LDAP* ld;
char* dn = "cn=Rory Winston,ou=Developers,dc=example,dc=com";

/* ...LDAP connection and initialization */

if (ldap_delete_s(ld, dn) != LDAP_SUCCESS) {
    ldap_perror( ld, "ldap_delete" );
}

It's as simple as that. See the accompanying code for a full listing.

Asynchronous Operations

So far we have been using synchronous directory operations, for simplicity. Now we will examine an asynchronous search operation using ldap_search(). In libldap, whenever an asynchronous operation is commenced, the library returns to the caller a cookie, or message ID, that uniquely identifies that operation throughout the client session. This ID can later be passed to the ldap_result() function to get the status of the operation and any result(s) that may have been returned. Figure 2 shows the basic flow:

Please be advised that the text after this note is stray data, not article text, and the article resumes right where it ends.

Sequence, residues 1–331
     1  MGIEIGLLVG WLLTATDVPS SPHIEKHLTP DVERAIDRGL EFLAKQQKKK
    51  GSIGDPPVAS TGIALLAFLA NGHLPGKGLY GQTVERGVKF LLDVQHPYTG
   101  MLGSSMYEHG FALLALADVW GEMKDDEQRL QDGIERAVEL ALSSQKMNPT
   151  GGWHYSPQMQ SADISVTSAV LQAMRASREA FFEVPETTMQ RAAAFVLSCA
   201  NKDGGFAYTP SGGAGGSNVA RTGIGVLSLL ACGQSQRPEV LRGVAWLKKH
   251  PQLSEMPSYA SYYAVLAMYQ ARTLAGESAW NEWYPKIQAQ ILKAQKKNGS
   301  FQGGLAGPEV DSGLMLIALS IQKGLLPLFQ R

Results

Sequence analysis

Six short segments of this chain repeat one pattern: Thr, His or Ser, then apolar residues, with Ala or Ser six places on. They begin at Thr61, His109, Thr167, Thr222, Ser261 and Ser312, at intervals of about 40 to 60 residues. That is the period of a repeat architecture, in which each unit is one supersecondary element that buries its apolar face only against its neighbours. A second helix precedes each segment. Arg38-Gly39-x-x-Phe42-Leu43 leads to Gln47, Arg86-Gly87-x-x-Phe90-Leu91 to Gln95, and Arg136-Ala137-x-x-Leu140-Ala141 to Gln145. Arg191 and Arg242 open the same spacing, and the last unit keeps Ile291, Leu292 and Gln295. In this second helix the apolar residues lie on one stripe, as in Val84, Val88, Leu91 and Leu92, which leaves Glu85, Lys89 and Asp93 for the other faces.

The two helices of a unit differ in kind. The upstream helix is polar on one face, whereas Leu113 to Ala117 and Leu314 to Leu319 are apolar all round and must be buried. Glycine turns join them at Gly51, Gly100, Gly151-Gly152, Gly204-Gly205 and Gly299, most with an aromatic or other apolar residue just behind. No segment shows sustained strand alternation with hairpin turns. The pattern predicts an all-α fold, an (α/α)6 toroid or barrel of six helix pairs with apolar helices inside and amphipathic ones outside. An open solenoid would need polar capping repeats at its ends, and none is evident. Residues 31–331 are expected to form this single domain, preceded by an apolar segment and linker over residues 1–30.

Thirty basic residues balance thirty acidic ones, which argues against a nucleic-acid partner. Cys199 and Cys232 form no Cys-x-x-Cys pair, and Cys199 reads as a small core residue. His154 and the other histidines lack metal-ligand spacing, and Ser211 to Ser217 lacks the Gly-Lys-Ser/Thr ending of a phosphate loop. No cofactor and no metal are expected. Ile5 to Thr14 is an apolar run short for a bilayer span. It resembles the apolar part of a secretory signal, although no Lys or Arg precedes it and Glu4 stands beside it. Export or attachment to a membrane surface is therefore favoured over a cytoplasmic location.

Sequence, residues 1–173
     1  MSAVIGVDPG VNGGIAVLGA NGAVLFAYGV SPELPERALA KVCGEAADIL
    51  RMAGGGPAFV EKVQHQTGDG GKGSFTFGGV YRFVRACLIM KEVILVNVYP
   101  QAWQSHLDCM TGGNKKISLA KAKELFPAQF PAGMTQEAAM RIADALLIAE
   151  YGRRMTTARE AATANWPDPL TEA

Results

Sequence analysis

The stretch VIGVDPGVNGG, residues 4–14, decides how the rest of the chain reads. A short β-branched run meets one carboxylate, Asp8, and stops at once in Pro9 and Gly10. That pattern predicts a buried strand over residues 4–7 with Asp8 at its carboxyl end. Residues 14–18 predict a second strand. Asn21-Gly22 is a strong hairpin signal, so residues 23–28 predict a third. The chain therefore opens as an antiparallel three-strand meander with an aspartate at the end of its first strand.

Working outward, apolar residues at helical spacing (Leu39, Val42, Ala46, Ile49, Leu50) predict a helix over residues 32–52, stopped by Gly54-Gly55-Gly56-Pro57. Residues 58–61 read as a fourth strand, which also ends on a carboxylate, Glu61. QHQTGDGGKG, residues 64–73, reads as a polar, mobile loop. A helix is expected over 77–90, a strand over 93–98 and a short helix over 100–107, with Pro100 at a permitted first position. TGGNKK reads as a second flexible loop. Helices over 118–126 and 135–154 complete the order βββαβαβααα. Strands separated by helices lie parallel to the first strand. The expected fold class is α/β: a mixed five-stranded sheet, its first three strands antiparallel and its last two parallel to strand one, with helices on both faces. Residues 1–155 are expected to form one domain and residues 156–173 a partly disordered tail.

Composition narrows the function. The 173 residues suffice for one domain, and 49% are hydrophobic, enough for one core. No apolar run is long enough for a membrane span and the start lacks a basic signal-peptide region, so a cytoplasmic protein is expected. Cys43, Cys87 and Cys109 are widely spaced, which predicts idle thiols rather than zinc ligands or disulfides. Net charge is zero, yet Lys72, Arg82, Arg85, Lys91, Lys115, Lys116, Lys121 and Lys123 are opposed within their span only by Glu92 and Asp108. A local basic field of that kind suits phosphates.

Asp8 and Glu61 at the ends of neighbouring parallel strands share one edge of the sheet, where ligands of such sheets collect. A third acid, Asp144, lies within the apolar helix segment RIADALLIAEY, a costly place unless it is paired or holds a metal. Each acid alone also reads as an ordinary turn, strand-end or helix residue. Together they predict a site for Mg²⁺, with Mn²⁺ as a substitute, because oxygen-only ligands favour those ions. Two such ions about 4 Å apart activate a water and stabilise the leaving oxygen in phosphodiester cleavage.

asynchronous operation flow
Figure 2. Asynchronous operation flow

Let's take a simple search operation as an example. The prototype for ldap_search is as follows:

int ldap_search(LDAP* ld, char* base, int scope,
    char* filter, char* attrs[], int attrsonly);

This is very similar to the ldap_search_s() function, except we don't pass in any LDAPMessage structures to be initialized with the search results. After all, this is an asynchronous operation, and we will retrieve the results later. The return value of ldap_search(), if successful, is a unique ID for the operation that we may use later to retrieve any results that have been returned.

The ldap_result() function prototype looks like:

int ldap_result(LDAP* ld, int msgid, int all, struct timeval* timeout,
    LDAPMessage** result)